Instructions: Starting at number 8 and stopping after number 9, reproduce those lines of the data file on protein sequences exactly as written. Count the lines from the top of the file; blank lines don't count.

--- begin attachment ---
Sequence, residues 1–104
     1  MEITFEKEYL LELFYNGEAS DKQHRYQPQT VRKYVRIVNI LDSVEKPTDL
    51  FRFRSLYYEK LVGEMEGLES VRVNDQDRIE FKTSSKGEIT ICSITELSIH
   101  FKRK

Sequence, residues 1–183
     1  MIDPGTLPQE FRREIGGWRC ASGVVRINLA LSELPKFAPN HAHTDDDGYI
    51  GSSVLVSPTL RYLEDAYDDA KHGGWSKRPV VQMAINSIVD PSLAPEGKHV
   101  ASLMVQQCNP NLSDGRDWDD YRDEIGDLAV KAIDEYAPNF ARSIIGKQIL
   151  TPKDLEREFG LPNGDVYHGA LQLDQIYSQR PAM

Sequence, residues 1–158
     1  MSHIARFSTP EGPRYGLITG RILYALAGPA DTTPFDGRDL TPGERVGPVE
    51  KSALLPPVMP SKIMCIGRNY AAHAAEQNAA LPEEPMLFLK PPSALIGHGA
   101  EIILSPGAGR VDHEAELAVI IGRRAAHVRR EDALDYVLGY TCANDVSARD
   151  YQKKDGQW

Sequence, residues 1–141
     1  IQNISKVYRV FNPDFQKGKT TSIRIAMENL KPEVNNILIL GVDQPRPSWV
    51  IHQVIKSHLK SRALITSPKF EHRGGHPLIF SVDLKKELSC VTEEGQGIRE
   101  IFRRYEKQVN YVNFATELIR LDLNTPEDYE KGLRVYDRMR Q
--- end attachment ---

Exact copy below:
   101  ASLMVQQCNP NLSDGRDWDD YRDEIGDLAV KAIDEYAPNF ARSIIGKQIL
   151  TPKDLEREFG LPNGDVYHGA LQLDQIYSQR PAM